As we get closer to National Apprenticeship Week, which takes place between 14 and 18 March, non-domestic heating trade association, the Industrial & Commercial Energy Association (ICOM), asks: Can apprenticeships help close the skills gap?

If you ask human resources departments whether they're finding the skilled engineering workers they need, they'll lament about a skills gap that threatens both productivity and growth — not just in their companies but in the wider economy at large.

We know that our sector is facing severe skills shortages which are likely to get worse as our aging work force retires, so it is time that we looked seriously at national apprenticeships as a vehicle to train young people to fill these skills gaps.

Apprenticeships can offer a precise match between the skills employers want and the training workers receive, it's a great model for transferring skills from one generation to the next.

At ICOM we have first-hand experience of just how positive the apprenticeship process is, for both the company and young person. In 2014 we launched the ICOM apprentice of the year and since then have witnessed more and more of our member companies getting involved.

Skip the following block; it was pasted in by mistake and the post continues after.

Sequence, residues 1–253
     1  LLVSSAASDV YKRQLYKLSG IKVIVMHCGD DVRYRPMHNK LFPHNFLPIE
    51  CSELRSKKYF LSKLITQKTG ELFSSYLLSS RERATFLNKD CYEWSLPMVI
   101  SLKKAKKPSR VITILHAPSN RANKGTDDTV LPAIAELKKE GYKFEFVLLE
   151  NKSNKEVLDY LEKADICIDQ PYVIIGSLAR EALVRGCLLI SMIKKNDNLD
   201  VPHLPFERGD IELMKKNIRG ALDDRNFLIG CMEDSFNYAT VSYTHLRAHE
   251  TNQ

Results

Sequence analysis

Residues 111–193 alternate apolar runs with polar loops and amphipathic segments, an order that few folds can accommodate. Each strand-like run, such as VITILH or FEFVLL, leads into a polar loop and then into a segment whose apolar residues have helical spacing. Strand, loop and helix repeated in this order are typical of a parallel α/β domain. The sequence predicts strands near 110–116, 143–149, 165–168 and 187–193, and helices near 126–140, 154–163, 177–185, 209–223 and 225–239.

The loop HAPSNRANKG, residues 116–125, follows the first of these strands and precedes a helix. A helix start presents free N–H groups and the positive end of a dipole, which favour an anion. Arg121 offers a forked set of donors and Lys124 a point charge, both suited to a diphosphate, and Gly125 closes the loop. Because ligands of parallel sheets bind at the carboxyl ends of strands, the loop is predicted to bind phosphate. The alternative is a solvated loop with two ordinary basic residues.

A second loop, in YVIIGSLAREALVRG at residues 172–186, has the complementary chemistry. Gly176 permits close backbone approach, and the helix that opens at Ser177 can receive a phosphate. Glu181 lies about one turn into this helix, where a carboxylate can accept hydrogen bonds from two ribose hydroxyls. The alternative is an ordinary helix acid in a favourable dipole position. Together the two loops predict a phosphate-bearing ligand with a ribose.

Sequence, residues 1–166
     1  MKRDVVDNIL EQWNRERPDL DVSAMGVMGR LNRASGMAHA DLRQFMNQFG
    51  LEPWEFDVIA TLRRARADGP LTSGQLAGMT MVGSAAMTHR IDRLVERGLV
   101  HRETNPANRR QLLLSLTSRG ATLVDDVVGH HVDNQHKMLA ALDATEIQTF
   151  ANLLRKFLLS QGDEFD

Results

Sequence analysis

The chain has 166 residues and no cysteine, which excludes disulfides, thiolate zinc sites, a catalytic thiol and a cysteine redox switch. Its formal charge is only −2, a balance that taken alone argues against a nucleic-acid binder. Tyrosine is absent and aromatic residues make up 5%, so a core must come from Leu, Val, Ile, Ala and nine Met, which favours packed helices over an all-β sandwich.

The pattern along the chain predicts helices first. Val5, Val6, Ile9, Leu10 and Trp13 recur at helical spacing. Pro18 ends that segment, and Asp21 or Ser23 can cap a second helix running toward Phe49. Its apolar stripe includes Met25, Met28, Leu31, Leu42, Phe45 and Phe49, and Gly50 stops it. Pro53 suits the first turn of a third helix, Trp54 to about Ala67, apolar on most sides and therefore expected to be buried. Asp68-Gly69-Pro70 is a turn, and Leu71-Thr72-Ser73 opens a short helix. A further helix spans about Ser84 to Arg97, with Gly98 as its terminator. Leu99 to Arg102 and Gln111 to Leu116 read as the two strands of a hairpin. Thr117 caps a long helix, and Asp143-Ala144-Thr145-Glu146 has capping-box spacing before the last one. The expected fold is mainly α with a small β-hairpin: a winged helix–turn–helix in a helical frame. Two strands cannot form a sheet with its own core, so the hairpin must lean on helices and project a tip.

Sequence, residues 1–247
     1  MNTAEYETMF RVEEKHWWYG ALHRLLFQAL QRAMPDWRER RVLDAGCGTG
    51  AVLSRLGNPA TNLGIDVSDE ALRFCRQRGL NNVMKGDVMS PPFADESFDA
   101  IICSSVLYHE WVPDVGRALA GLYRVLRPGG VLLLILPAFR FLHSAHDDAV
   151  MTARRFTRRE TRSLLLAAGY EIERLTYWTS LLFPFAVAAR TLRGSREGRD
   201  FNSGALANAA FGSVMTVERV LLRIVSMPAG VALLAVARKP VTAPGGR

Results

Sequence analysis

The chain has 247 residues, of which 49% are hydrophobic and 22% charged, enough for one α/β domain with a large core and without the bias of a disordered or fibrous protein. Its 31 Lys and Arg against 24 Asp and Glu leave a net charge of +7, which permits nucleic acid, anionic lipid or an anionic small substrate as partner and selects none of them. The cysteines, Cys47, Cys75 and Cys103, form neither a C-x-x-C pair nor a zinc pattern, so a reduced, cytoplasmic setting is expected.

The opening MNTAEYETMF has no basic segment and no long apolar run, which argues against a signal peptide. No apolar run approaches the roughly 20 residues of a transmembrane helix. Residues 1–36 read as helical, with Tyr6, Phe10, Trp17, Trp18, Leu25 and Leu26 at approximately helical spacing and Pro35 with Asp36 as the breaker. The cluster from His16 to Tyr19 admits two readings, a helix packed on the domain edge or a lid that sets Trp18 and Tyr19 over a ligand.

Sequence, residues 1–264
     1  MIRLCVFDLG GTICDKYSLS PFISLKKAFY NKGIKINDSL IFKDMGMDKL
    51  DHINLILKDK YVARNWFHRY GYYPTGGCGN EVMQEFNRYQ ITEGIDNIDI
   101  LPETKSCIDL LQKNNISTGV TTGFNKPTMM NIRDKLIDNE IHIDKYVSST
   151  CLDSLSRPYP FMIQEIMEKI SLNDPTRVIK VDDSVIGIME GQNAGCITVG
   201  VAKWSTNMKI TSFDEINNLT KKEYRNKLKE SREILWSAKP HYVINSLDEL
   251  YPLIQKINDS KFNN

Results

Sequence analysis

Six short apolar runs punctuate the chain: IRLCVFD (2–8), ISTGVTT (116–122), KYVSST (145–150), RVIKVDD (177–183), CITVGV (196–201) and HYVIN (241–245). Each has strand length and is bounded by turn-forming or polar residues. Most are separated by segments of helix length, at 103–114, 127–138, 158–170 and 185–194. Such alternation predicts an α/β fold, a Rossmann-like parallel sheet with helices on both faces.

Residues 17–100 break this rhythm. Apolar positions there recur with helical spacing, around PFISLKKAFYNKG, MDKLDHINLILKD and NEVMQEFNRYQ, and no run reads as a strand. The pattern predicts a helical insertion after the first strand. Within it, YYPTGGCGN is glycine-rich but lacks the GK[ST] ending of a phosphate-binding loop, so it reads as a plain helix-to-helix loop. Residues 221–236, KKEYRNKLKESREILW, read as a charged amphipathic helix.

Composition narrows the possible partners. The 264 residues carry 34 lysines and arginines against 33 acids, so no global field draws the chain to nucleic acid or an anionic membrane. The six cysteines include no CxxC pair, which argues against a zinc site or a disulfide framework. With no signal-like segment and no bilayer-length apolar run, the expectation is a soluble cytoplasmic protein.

However there is still a problem; young people, teachers and parents still resist apprenticeships in favour of university places. In short we have an image problem.

We all need to work harder to promote an apprenticeship as an alternative to university. An apprenticeship is a real job, one where you earn and learn and one that offers access to a very real career path.

So during apprenticeship week, I am calling not only on my members but the whole engineering sector to promote the very real benefits that an apprenticeship can offer to all those involved.

Ross Anderson is director at ICOM

Picture courtesy of Shutterstock/Monkey Business Images